Your constitutional right to be a jerk

The Kansas-based Westboro Baptist Church parishioners have spent years shamelessly voicing their opinions of the country, all around the country, including a protest at West High in Salt Lake City this past January. Apparently, we are all going to hell, but the Westboro Baptist Church has the right to tell us that.

The WBC has voiced their anti-Semitic, anti-gay, anti-catholic views in their protests. In 2006, they picketed the funeral of Lance Cpl. Matthew Snyder, a soldier killed in Iraq. The Snyder family’s reaction to Wesboro’s picketing eventually took the groups to the United States Supreme Court in Snyder v. Phelps.

Snyder filed a tort at the state level claiming “intentional infliction of emotional distress, intrusion upon seclusion, and civil conspiracy” according to the opinion document provided by the court.

Westboro Baptist Church, however, “challenged the verdict as grossly excessive and sought judgment as a matter of law on the ground that the First Amendment fully protected its speech.”

In an 8-to-1 decision, the Supreme Court ruled in favor of the Westboro Baptist Church.

“The court reviewed the picket signs and concluded that Westboro’s statements were entitled to First Amendment protection because those statements were on matters of public concern, were not provably false, and were expressed solely through hyperbolic rhetoric,” according to the court document.

The real issue is that they can say what they do, but they shouldn’t in the sense of human decency.

The court’s decision was justifiable. They had the right to say what they said even if it was in poor taste. Technically, the Westboro Church was acting legally according to the decision made by the court. The protests were peaceful, and remained one thousand feet from the church where Snyder’s funeral was held, which was in accordance with what local law enforcement had told them. As awful as they are when they protest, they are smart about it when they do. These people take complete advantage of the rights people like Lance Cpl. Matthew Snyder died defending in order to say or write whatever they want.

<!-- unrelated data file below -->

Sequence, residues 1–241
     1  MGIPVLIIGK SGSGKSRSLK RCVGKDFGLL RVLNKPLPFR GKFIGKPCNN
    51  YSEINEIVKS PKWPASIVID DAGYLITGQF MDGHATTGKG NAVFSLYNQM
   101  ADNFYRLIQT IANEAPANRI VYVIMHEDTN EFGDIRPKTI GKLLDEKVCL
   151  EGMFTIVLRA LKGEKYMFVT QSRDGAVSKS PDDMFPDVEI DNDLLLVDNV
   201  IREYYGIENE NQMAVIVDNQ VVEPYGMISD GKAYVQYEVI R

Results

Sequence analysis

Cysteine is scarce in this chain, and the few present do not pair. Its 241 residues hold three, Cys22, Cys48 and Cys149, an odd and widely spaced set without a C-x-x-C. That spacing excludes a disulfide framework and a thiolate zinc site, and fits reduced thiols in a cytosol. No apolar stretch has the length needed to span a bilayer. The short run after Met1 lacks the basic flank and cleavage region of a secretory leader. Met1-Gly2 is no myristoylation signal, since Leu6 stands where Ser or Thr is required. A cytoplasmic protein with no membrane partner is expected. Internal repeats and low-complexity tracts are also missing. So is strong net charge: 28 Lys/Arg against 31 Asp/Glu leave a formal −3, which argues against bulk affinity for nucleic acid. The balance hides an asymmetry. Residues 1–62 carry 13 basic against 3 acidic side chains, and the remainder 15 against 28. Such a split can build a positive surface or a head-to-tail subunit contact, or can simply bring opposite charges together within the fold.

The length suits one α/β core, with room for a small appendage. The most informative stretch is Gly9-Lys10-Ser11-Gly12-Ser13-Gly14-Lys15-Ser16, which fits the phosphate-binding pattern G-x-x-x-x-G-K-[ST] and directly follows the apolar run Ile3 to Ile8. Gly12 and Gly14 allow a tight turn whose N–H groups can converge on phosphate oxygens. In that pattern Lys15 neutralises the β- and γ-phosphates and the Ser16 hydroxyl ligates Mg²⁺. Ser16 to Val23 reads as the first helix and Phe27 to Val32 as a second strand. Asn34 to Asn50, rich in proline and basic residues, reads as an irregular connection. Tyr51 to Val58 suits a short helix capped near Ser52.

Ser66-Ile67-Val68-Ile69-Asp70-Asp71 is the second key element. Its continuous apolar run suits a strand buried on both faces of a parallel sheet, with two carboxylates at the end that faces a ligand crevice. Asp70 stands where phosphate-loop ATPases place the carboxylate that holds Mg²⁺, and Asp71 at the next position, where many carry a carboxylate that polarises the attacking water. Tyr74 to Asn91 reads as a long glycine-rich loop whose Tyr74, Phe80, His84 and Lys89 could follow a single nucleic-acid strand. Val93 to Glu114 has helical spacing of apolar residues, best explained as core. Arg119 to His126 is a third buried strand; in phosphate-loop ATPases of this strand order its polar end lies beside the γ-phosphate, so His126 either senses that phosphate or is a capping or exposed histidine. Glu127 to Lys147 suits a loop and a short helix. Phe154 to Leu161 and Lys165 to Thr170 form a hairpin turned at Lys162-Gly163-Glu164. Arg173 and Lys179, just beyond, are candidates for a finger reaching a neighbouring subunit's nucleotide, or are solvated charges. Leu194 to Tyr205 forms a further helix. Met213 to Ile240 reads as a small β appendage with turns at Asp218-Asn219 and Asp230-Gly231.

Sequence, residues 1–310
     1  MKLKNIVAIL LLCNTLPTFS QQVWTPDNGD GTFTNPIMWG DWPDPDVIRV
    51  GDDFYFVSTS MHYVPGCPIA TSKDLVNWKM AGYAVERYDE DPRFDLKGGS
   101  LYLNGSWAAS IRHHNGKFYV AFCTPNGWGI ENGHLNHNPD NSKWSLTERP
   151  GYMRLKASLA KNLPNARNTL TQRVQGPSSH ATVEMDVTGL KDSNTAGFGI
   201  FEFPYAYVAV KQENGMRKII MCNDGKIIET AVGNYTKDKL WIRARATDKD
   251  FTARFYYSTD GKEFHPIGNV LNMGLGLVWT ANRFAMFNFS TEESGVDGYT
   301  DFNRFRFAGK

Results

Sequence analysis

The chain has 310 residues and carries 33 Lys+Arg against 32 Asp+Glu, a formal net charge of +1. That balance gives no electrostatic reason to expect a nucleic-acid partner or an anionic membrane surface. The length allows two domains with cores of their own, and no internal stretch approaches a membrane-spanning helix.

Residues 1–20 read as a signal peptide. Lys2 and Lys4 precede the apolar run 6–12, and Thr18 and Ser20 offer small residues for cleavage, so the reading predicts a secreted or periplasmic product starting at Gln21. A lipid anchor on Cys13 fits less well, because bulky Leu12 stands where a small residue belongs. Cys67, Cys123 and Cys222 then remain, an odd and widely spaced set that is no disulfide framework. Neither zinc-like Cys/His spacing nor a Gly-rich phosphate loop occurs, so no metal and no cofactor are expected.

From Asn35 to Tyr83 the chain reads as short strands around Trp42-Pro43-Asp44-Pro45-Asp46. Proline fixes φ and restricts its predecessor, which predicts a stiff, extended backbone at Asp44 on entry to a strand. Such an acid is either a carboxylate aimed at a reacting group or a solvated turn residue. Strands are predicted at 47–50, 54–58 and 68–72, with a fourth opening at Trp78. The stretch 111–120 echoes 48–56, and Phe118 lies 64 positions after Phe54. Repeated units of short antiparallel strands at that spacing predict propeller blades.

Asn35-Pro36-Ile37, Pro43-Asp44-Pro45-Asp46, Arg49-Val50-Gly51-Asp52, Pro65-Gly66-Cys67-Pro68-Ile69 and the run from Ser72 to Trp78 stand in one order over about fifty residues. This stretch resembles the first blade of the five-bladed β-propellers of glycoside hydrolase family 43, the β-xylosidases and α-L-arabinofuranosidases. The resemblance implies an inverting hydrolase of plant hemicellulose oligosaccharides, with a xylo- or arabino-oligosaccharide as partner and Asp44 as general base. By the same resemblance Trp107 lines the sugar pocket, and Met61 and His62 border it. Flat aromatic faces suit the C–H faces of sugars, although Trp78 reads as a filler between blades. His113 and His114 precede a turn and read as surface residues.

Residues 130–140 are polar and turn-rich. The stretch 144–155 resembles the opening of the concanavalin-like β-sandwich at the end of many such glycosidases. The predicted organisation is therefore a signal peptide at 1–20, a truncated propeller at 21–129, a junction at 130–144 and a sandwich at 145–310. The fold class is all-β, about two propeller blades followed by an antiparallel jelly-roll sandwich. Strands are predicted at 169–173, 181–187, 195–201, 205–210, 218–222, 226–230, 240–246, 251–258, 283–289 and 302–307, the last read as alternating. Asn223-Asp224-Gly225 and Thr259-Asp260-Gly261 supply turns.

Led by Fred Phelps since the 1950’s, The Westboro Baptist Church is most easily recognized as the military funeral picketers or the people, so it wouldn’t come as a surprise that the offense people took to their actions would eventually ignite some sort of legal conflict. It is easy to identify the equally offensive and attention seeking group by their signs.

Americans are picketing around the country, and they all have a right to—even when the picketing is filled with hateful messages. It’s all part of your First Amendment rights. It doesn’t make the actions any better, but the decision reaffirms our initial rights as Americans to assemble and protest without being shut up through force when something actually needs to be said.

If the court decision has not eased the knowledge that groups like the Westboro Baptist Church can do what they do, just know that you have the right to peacefully protest their funerals just as they have for anyone with whom they disagree.

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